The History of Rights exhibit had the original Magna Carta, written (under duress) by King John. (Yes, the Robin Hood one, hence the “under duress.” Richard the Lionheart got himself perished stomping on a revolt in France after returning from the Crusades, meaning John eventually became king anyway. Sorry Robin.) I thought it was odd that this document from 1215 looked in better shape than the U.S. Documents from the late 1700’s and early 1800’s. Points to British paper and ink, I guess.
The other interesting thing about all the documentation detailing the history of the rights delineated in the Constitution being applied to “everyone” is all the information shown about those protesting and complaining against certain people gaining those rights.
It was the EXACT SAME arguments used today to try to restrict people’s rights.
They were accused of leading to:
Attacks on Family Values,
And a loss of Women’s identity.
Yes, women having less rights was (and still is) pointed out as a key part of their identity, and important to family values.
One would think this horse hockey would fall out of style, or at least women would rise up as one and murder all of the men for constantly trying to pull crap like this and get rid of the excuse that way.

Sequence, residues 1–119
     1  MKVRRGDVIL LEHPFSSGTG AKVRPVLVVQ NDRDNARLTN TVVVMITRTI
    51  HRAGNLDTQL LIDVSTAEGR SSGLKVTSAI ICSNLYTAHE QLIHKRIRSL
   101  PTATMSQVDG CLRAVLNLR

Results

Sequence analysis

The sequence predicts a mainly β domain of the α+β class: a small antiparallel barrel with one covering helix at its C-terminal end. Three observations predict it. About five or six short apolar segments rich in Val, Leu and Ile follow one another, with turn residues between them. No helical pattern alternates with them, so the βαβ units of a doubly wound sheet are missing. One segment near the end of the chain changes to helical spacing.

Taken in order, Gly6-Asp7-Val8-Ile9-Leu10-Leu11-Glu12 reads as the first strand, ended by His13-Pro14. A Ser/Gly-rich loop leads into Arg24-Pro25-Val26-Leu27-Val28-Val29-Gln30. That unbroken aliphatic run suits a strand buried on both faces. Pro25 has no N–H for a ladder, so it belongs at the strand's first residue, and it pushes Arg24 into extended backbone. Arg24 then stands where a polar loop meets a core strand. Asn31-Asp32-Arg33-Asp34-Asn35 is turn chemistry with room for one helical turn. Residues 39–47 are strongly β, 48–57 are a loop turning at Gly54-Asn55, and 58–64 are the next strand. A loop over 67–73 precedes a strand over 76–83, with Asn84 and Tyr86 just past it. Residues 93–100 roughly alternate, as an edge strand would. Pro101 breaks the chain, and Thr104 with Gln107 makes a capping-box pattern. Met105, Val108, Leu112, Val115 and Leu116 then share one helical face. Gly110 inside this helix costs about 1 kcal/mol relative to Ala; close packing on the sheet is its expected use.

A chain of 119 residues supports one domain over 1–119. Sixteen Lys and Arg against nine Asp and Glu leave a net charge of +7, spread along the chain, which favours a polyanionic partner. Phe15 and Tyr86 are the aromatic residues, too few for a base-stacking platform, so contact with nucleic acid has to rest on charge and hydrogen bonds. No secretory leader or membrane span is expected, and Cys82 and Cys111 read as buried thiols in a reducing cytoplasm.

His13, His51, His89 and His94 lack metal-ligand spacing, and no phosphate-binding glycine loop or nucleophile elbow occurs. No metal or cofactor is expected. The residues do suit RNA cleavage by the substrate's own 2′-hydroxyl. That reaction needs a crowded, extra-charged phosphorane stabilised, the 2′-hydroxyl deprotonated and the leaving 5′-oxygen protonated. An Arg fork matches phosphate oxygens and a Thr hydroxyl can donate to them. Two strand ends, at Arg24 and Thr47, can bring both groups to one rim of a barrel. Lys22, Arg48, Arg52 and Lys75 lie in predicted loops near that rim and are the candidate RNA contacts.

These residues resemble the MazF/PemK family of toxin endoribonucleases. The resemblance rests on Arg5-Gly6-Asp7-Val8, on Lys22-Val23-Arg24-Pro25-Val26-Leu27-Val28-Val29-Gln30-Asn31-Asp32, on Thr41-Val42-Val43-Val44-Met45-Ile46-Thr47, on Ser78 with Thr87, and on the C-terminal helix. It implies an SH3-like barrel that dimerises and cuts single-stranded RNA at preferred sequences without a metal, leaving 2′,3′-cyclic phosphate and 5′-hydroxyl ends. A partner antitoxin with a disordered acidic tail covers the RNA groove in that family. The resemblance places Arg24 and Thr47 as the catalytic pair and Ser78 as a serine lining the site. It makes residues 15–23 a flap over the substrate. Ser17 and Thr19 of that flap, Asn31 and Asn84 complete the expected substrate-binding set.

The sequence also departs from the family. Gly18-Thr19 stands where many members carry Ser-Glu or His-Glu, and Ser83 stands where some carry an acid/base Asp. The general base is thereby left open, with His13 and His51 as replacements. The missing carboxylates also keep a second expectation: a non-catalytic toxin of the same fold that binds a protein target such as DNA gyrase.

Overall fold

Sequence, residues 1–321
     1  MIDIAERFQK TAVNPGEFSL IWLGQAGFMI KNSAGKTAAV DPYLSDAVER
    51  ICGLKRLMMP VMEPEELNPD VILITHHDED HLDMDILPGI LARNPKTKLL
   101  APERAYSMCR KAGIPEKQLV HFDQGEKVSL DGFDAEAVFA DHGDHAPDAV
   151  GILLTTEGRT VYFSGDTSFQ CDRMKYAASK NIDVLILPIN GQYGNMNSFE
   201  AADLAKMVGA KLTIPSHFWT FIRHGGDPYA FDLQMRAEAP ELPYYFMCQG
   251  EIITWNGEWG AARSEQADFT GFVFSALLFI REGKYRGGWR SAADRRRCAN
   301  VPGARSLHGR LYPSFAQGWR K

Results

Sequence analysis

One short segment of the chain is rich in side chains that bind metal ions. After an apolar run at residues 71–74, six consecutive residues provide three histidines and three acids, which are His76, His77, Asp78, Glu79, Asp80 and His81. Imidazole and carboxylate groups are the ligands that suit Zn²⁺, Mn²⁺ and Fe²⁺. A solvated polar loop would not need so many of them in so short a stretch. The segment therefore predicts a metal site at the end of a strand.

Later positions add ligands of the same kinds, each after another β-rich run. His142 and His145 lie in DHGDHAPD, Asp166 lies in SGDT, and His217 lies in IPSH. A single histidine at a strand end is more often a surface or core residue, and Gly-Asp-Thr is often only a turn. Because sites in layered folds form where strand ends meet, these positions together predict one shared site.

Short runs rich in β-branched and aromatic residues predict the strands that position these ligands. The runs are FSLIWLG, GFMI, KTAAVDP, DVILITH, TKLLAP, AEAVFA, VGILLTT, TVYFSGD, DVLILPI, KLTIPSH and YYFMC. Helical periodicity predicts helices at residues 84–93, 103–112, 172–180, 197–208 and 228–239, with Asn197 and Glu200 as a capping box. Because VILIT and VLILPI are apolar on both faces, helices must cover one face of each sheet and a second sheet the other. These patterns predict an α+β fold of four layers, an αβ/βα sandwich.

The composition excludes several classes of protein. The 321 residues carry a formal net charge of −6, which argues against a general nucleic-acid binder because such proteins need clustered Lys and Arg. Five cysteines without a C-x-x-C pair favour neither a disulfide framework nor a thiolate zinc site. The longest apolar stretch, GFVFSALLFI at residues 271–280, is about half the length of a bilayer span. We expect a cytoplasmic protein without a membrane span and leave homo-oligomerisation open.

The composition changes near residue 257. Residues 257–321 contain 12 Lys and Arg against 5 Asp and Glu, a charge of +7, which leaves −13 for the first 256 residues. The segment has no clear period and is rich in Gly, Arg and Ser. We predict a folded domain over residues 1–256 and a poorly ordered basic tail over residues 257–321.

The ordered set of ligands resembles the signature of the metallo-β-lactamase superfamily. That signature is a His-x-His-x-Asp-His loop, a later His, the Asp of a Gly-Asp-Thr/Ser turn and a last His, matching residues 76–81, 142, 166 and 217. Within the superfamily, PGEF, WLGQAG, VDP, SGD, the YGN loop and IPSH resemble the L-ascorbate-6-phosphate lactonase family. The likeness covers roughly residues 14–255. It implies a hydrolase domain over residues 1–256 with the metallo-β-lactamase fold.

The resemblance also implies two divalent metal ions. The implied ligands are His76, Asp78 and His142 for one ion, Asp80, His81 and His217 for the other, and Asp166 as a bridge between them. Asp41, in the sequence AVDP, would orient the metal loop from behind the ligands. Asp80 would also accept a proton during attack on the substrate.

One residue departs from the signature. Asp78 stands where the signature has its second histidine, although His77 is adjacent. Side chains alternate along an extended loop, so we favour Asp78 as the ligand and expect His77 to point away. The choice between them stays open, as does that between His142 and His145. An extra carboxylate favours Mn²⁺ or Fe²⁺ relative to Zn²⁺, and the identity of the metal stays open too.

The history bug bit Rosa again in the Archives. While normally she’s fairly speedy about passing through museums, in here she read almost every section, and was talking about finding books about several topics.
Anabelle learned this stuff in school, showing an advance from when I was in class. I read a stupidly wide variety of topics, and Rosa had to study for her citizenship test, but a lot of this was new to both my wife and I. Honestly, there’s also a lot of inspiration being “In the Room Where it Happens” so to speak, that led us all wanting to get some history books.
(“Who’s us?” – Anabelle)
Given the nature of the main items in the building, most of the exhibits were based around the increasing of rights and inclusivity. Two other sections looked at it via different lenses. There was an entire section of documents and memorabilia related to sports and the integration and allowability of expression in them.
The section that really caught Rosa’s interest, (which again, thanks to improvements in education, at least in our and other parts of the country, Anabelle had already learned the details about) was the history of immigration. Since it was the Archives, not only was it the history of immigrants integrating and building sections of the country (along with resistance to that), but there was also the evolution of the documentation used to follow and monitor that immigration.